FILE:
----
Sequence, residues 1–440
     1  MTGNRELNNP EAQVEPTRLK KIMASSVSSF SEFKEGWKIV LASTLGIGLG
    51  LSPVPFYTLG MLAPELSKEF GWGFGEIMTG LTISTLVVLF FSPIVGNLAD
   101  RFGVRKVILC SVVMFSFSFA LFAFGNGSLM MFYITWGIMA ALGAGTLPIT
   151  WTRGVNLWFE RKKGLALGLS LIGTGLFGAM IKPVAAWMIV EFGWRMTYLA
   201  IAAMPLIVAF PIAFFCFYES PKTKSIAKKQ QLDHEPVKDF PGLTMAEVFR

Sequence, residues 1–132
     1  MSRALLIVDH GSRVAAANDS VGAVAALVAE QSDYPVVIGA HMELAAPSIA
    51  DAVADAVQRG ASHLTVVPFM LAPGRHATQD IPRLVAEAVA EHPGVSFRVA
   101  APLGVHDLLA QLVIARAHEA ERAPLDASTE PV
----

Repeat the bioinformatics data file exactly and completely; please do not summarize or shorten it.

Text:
Sequence, residues 1–440
     1  MTGNRELNNP EAQVEPTRLK KIMASSVSSF SEFKEGWKIV LASTLGIGLG
    51  LSPVPFYTLG MLAPELSKEF GWGFGEIMTG LTISTLVVLF FSPIVGNLAD
   101  RFGVRKVILC SVVMFSFSFA LFAFGNGSLM MFYITWGIMA ALGAGTLPIT
   151  WTRGVNLWFE RKKGLALGLS LIGTGLFGAM IKPVAAWMIV EFGWRMTYLA
   201  IAAMPLIVAF PIAFFCFYES PKTKSIAKKQ QLDHEPVKDF PGLTMAEVFR

Sequence, residues 1–132
     1  MSRALLIVDH GSRVAAANDS VGAVAALVAE QSDYPVVIGA HMELAAPSIA
    51  DAVADAVQRG ASHLTVVPFM LAPGRHATQD IPRLVAEAVA EHPGVSFRVA
   101  APLGVHDLLA QLVIARAHEA ERAPLDASTE PV